Additionally, upstart, ambitious founders almost always had to live and work in an entrepreneurial center like Silicon Valley because of local network effects. Oftentimes you could do in days what might take competitors months or years. Entrepreneurial ideas and the whole venture capital ecosystem were there and constantly circulating with energy and enthusiasm. If you believed in an opportunity, others could help you and work with you.
You were in the flow, and this flow was neither a trickle nor a rolling wave. It was a rapids. It was exhilarating.
The days of COVID-19 changed everything about this. The world of remote work is with us and has broken all geographic boundaries. Founding, investing, advising, and building a transformative startup can be done anywhere — as long as you have access to the knowledge and experience of other great entrepreneurs, founders, investors, and mentors. More, these resources (i.e. Stonks) are all increasingly available to founders no matter where they live or work in the world.
How do Founders Create and Build Startups in this New Era?
When founders have a great venture concept, they need to:
- Learn how to create and build a startup
- Assemble the best possible founding team
- Win investment interest from VCs, Angels, and other investors
- Move quickly and stay in the flow.
Each of these four elements is now possible with our increased interconnectivity and the widespread acceptance of remote work.
The playing field has never been so vast, level, and attractive. If you don’t take my word for it, take Bill Gurley’s:
Let’s take them one at a time:
1. To found and scale a great company, founders can learn the essential elements from advisors, mentors, or venture capitalists, as well as from books, blogs, podcasts, and more. This learning cannot be minimized. The process of building a venture is complex. Some people say the process of going from a startup to a major company is like folding a small paper airplane, flying it in the air, and then building it into a jet aircraft, but doing all this while 30,000 feet above the ground. In the post-COVID age, founders can obtain much of this advice and support remotely.
2. Founding teams can now be located virtually anywhere in the world. Many major difficulties are now gone. Immigration, visas, travel, and uprootings of families and live to new locations are not as important. A founder is now able to recruit the best of the best, wherever they may be. There may be occasional travel, but relocation is no longer a necessity.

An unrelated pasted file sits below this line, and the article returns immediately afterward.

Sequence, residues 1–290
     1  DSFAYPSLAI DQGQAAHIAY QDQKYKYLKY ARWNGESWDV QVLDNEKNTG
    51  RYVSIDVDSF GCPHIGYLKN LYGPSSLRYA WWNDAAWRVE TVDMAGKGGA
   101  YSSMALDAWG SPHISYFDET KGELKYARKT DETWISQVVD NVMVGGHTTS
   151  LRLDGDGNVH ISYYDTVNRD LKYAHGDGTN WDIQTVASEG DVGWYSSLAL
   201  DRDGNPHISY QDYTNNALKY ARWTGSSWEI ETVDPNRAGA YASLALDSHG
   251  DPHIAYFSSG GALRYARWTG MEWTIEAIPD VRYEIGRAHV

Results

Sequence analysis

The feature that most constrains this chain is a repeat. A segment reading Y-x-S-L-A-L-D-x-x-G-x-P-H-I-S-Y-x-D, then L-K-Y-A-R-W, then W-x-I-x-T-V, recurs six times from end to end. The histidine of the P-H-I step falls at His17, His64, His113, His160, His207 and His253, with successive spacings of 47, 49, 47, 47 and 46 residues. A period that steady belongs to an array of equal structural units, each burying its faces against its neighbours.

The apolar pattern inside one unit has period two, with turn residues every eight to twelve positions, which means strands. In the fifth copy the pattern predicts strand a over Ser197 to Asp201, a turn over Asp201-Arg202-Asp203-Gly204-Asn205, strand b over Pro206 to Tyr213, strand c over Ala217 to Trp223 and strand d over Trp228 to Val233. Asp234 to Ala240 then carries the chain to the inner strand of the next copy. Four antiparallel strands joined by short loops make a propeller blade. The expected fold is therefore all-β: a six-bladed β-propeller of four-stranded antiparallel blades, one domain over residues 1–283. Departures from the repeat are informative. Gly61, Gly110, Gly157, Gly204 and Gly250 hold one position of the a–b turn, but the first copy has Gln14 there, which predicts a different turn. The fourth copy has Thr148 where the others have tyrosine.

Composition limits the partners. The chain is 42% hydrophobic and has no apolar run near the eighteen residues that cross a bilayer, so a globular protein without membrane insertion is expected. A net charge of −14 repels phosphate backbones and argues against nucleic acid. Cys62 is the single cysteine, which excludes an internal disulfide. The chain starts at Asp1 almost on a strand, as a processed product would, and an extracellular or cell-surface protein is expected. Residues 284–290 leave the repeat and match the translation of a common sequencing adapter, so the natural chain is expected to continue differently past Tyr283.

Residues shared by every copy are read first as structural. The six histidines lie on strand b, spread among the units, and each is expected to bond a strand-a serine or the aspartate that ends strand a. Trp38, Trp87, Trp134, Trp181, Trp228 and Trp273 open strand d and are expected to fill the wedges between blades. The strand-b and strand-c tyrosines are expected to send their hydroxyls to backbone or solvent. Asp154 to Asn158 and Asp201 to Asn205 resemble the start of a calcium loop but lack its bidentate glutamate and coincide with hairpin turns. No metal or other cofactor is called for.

3. Most VCs are now open to opportunities throughout the world. Often the venture capital team themselves, including the general partners, analysts, scientists, and support, are located throughout the world. Startup founders can be virtually anywhere. Consideration of these startups is limited not by geographic location but by the quality of the startup and by the expertise and experience of the VCs.
4. Founders must be in the flow. They need to be able to engage with entrepreneurs, partners, customers, competitors, and advisors constantly. Much of these discussions are now done remotely, with no concern or need for physical presence.
The digital world has unbound both the world of the entrepreneur and that of Venture Capital. In this unbundling lives phenomenal, generational opportunity.
History shows some of the best opportunities come in bad times, not good ones.
Though we’re not in the business of prediction here at Stonks, in the words of Lord Byron: “The best prophet of the future is the past.”
Put simply, if public/crypto market turmoil persists, early-stage valuations may well drop ~30% or lower (i.e.below levels seen merely a year ago!).
If that happens, don’t run out of the store when there’s a discount. You would do well to heed Warren Buffet’s advice to be greedy when others are fearful.
Who knows? Such greediness may provide a generational opportunity to invest in quality businesses at bargain prices. Caveat Emptor.
Build and invest accordingly!